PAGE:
By Mike Max

MINNEAPOLIS (WCCO) — Only on WCCO, we brought you the story of former Viking Joe Senser as he fights back after suffering a massive stroke in July.

Part of that story: His wife, Amy Senser. Jurors convicted her in the hit-and-run crash that killed a Twin Cities chef in 2011. Now, Amy Senser is dealing with her husband’s condition.

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How has she processed all of it? That’s what we wanted to know. As WCCO’s Mike Max discovered, Senser has found an interesting support family.

Joe Senser’s stroke has been the focus of the entire family. He is the rock of a family that has seen adversity, and forced them into a place they never envisioned.

“We can choose to give up and be good for nobody, or we can fight,” Amy Senser said.

Much of that comes from Joe Senser. He grew up in Hershey, Pa., in an orphanage. Later, he came back to serve on the board for the Hershey school that he attended. He’s a fighter.

“He’s so dedicated to helping the kids who are coming up, boys and girls at Hershey. That’s been a huge part of his life,” Bob Stein said.

He’s not the only Senser to have to call upon on something deep to move on. Joe’s wife, Amy, became a public focal point in 2011, when she was accused of driving in a hit-and-run crash that left Anousone Phanthavong dead.

She was convicted and served two years in prison in Shakopee. The life that looked All-American from the outside — the good looking couple with the good looking family – changed. So did Amy.

“There has been some really heartbreaking things that have happened in the past several years,” Amy said.

Here is where you find hope in mankind. Helping her deal with the dark days? The Phanthavong family. That’s right, the family who lost their loved one has given Amy Senser a gift she cannot re-pay: Forgiveness.

“I thank God for people who are forgiving and have grace and mercy, because it’s the only way to get through this life. You can’t do it alone,” Amy said.

It’s been the blessing that has allowed her to persevere, understanding she has been judged by many. She does not want to make her relationship with the family a public one, but she understands what they have done for her.

“One, to be able to forgive, and then to be forgiven, it’s the greatest gift,” Amy said. “Not only from family and friends, but the family and I don’t know how I could sit here. I wouldn’t be sitting here if I hadn’t been given that gift.”

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It is what helps her help her husband, and she hopes through her life she is setting an example for her daughters.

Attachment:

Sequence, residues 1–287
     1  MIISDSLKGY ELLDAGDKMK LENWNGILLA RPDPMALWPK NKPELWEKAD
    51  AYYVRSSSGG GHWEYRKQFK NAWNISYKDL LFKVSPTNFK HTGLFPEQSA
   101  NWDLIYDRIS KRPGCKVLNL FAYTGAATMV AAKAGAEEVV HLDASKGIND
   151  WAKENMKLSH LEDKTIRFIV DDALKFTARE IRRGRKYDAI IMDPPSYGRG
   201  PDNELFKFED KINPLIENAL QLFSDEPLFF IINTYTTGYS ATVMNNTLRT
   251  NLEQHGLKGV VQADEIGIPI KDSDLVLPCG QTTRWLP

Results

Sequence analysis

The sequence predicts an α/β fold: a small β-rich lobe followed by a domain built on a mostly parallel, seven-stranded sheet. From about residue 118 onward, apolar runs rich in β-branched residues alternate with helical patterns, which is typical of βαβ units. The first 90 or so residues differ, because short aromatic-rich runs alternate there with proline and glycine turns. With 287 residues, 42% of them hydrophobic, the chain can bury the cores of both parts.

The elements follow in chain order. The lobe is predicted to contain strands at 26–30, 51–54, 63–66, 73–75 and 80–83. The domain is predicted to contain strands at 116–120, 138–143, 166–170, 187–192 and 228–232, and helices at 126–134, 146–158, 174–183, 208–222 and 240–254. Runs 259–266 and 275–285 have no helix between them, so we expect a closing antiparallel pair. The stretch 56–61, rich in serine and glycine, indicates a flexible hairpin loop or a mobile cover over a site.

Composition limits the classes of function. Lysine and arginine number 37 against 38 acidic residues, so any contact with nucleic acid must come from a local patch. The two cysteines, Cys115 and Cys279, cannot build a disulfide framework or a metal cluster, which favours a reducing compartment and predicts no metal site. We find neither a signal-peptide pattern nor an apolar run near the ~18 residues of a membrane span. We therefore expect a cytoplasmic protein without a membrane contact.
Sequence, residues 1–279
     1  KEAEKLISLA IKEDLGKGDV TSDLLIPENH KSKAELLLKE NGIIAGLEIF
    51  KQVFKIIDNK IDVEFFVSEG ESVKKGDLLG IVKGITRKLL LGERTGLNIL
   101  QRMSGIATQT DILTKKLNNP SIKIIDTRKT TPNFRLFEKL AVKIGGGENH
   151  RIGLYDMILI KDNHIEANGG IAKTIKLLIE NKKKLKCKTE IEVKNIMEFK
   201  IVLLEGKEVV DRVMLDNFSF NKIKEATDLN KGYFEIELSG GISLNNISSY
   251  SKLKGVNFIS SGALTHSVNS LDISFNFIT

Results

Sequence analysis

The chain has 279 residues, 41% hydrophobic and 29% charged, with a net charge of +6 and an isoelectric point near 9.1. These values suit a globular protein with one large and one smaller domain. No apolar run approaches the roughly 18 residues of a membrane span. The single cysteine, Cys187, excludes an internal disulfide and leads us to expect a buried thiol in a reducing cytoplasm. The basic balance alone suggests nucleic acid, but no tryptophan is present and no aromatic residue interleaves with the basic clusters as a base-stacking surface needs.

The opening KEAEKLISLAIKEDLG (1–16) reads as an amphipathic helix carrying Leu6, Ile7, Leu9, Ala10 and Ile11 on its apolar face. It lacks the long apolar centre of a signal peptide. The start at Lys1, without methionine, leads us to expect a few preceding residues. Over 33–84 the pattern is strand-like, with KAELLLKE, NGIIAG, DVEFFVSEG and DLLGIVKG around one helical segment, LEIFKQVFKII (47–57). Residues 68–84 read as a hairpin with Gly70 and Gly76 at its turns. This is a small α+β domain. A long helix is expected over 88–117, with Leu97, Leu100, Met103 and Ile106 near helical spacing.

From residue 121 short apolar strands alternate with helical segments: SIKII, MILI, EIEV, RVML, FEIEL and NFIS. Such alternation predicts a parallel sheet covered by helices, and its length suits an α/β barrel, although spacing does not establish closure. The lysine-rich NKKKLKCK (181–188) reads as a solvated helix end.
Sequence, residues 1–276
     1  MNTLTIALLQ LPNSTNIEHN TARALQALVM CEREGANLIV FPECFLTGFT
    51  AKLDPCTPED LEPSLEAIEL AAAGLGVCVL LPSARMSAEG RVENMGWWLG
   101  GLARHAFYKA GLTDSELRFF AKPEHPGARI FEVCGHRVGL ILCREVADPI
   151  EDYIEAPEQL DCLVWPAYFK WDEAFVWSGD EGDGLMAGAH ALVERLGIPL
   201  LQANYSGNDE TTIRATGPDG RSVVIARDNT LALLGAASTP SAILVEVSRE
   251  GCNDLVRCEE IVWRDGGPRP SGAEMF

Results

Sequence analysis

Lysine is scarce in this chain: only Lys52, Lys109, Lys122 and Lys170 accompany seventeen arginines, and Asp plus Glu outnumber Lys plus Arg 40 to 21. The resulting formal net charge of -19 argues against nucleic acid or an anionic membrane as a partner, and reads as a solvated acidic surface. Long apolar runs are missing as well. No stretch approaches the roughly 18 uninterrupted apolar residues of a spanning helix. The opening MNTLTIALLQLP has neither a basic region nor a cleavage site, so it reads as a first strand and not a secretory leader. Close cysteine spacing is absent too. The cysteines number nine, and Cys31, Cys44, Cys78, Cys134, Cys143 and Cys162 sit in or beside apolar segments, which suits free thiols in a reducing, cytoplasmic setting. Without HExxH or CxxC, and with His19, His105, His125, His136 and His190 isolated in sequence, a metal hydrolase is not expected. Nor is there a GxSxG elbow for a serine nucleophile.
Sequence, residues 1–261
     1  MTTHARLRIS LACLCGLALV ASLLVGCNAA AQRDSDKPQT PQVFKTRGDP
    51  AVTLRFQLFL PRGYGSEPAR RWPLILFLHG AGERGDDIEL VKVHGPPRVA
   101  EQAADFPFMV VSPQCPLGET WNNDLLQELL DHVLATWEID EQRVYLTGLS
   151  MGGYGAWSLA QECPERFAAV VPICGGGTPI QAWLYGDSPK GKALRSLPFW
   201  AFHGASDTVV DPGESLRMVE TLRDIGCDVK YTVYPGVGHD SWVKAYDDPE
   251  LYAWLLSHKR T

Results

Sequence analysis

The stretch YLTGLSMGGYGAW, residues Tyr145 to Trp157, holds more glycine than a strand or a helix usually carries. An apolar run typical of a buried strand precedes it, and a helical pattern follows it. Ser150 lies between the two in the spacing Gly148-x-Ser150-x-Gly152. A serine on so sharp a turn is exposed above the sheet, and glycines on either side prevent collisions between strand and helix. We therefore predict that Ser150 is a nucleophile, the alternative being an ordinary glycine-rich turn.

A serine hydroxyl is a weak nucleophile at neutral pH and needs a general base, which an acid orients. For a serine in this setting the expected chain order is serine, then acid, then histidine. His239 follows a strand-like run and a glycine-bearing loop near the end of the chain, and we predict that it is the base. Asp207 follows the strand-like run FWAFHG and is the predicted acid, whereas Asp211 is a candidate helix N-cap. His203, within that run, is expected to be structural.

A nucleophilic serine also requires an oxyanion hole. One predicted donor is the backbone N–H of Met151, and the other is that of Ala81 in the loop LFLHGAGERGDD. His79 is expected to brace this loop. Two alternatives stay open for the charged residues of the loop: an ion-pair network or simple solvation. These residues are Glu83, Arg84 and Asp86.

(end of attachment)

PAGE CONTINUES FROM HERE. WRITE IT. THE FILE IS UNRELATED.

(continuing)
“My mom is the hardest working person I know and she has done everything for my dad,” Hannah Senser said. “It’s so powerful.”

“Without the forgiveness, I mean it truly is a fight. If I wasn’t forgiven, there’s no way I could stand today,” Amy said. “And that’s from everyone, including our Father on up and all the way to the family.”

Yes, it is forgiveness. The word that comes up from their spiritual advising friends.

“You believe in the scriptures that you’ve read, the prayers that you’ve prayed and the grace and understanding, the forgiveness of God. Bad things happen to good people,” family friend Greg Coleman said.

It has allowed the family to move forward and focus on Joe. But what she has learned is indeed her philosophy on life, based on faith, matters a lot.

“We’ve always said ‘Look, we don’t ask why, we just ask how. How long do we carry on?'” Amy Senser said. “Because we don’t know why.”

She knows she is under a microscope. She knows she has options as to how live her life.

“The world is always about what’s wrong and bad. I mean it can be such a hateful place but we don’t, I won’t let people take that because you can’t let people dictate who you know you are,” Amy said.

So the family moves on, now fighting another battle for Dad and keenly aware of Mom.

“I think everyone needs someone to be there for them. You need a rock in your life, and she’s mine and I hope I’m hers a little bit,” Hannah Senser said.

And knowing the new normal is undeniable, how you decide to deal with it is a choice.

“We never know how strong we are until we’ve gone through something. And then it comes to the other side, and know that you’ve done the best you can and given and shared and helped the best you can, then you think OK,” Amy said. “I can fight another day.”

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You can follow Joe Senser’s recovery, and share words of encouragement, on his CaringBridge page.

Mike Max